When I was younger I had this same love for the natural world, but I didn’t have that sense of duty yet. The Boy Scouts really helped me cultivate that attachment and that vow to protect the Earth that gave us life. And I think that’s awesome. That’s been a big part of my life for a long time.

An Eagle Scout Project On Buffalo Bayou

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Nivien Saleh:

The specific project that you did was planting willows on a stretch of Buffalo Bayou. Tell me about that.

James Sy:

So I actually have this picture here. I worked with the Memorial Park Conservancy, which is the governing body of the Memorial Park. This is a drone picture. This is Buffalo Bayou South of North picnic lane. See like this bend of the river? After hurricane Harvey you saw a lot of erosion on the Buffalo Bayou because of the floods and the higher volume of water that was coming . The water’s whipping around at a very high velocity. If you compare this patch to a patch just just up the bank you see it’s night and day. This patch should look like green lush very thick canopy. Right here you see some low shrubs and you see some dead trees, and there’s not much ground cover. So the problem with that is that there’s nothing to anchor the sediment to the embankment. So as this water comes around this bend, you have the potential for very disastrous erosion.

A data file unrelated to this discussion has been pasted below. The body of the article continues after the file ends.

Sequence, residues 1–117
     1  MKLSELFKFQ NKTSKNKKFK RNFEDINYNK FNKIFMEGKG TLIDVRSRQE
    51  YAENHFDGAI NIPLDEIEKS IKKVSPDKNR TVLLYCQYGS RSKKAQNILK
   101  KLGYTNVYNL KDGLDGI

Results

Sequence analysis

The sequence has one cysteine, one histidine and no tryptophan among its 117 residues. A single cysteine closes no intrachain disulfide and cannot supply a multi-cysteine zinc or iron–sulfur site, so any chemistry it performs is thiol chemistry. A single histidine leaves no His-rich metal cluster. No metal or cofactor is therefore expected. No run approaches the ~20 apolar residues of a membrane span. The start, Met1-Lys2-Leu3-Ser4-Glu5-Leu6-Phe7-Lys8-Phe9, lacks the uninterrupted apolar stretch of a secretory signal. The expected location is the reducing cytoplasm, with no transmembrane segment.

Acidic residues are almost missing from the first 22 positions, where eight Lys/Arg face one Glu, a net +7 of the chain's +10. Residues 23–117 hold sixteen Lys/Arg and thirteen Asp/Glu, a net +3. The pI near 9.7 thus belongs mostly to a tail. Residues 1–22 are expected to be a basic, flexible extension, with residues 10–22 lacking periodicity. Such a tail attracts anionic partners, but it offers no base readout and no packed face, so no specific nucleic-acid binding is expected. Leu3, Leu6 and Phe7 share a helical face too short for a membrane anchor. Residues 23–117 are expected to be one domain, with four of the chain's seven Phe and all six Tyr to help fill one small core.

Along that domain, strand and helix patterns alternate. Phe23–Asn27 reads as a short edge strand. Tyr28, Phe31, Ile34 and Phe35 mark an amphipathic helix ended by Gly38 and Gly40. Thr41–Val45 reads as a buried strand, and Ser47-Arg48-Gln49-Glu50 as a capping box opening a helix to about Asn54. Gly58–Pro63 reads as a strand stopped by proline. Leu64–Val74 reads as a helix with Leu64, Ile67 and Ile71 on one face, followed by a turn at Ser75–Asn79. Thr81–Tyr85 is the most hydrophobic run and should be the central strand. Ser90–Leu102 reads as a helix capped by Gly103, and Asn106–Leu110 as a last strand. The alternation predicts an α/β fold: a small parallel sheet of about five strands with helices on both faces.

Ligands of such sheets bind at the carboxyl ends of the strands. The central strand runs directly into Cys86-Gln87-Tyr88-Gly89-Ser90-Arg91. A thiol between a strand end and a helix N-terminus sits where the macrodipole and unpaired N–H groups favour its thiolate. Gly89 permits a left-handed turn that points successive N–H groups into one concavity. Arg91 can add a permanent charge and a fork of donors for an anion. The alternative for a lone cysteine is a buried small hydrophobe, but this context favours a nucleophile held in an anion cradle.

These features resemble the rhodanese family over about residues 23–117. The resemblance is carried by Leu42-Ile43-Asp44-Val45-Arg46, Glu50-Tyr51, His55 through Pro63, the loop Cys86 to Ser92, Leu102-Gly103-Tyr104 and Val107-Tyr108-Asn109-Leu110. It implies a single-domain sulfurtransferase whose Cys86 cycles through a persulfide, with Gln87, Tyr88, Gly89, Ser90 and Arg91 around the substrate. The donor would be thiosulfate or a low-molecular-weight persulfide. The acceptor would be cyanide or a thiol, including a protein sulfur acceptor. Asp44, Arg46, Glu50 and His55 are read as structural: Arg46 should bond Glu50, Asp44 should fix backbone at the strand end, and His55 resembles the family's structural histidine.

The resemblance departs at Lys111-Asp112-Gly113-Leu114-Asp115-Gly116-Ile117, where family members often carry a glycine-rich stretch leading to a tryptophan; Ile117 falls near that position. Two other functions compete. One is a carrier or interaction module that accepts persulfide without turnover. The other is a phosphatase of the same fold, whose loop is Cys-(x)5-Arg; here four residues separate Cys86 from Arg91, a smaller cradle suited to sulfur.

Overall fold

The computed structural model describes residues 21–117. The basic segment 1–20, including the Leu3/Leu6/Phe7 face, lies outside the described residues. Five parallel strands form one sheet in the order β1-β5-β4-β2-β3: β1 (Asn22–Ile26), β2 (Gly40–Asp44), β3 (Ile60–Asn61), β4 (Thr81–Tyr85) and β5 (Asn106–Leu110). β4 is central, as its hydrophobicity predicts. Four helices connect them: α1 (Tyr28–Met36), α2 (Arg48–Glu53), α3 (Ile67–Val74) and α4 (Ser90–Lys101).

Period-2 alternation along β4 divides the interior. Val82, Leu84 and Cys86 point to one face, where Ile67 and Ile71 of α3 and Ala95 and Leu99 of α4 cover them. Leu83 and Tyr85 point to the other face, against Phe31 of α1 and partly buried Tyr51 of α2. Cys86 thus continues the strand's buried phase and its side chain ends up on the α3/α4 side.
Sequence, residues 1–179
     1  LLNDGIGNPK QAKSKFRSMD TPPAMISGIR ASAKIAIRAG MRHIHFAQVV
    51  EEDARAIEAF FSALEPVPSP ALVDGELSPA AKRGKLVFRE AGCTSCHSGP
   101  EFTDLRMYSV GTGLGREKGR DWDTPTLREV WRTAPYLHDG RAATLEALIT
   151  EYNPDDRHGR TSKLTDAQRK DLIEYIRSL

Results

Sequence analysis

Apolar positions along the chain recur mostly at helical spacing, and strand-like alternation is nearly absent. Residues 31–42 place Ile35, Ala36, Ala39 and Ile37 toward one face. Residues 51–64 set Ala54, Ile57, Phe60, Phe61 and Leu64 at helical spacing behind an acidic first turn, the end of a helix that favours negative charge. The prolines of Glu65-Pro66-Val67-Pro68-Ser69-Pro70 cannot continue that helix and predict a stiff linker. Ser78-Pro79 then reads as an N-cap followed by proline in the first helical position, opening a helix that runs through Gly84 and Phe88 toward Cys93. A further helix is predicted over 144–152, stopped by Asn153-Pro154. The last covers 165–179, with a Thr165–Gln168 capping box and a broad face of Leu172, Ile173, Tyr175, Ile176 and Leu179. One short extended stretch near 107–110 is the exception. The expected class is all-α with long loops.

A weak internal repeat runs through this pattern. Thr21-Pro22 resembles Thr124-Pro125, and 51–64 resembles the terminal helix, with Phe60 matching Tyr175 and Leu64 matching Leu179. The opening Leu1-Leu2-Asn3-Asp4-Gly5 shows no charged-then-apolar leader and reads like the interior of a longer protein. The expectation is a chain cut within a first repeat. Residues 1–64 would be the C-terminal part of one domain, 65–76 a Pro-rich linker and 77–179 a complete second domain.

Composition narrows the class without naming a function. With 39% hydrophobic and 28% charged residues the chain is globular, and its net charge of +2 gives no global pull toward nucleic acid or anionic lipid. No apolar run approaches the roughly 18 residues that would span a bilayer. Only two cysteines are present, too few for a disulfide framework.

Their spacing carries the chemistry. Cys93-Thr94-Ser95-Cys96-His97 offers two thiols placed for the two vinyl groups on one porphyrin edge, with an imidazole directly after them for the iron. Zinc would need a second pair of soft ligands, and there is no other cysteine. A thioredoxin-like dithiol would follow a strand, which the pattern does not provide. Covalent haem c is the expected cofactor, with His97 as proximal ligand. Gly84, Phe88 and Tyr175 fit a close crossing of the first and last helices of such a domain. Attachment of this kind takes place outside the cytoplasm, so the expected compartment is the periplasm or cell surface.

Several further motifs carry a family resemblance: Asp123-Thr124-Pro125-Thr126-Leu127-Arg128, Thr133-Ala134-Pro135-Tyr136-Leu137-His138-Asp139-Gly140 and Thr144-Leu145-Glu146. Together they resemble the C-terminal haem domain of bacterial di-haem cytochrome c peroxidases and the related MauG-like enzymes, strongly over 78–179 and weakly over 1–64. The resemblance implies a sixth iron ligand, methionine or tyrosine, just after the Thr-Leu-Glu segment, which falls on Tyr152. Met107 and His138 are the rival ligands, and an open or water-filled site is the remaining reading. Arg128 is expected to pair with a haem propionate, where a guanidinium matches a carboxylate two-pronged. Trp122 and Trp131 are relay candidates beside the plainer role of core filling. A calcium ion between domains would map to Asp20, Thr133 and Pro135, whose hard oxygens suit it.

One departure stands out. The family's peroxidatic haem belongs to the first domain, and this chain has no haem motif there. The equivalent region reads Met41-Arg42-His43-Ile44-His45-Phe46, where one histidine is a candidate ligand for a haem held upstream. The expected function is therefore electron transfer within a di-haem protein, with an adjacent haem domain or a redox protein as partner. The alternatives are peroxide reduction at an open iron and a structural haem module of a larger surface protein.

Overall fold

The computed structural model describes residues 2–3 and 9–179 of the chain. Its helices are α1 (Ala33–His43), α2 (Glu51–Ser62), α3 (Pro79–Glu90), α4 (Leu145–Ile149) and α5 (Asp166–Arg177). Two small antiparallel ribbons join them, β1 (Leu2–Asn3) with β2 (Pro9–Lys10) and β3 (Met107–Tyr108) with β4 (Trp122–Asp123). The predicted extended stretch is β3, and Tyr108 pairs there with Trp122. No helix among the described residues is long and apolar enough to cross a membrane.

Nivien Saleh:

You have water coming at high velocity. It needs to go around the curve because that’s how the bayou is shaped. And as it goes around the curve it sweeps up a lot of that sand that it shaves off. And that’s how you get more erosion.

James Sy:

Exactly. Once stretches like these become eroded, that affects the urban forest land, which is of course incredibly valuable to the health of the city and to the health of the wildlife within these parks.

Nivien Saleh:

And when you say it affects the forest landscape, we’re talking about Memorial park.

James Sy:

That’s right. That’s the main urban forest within Houston.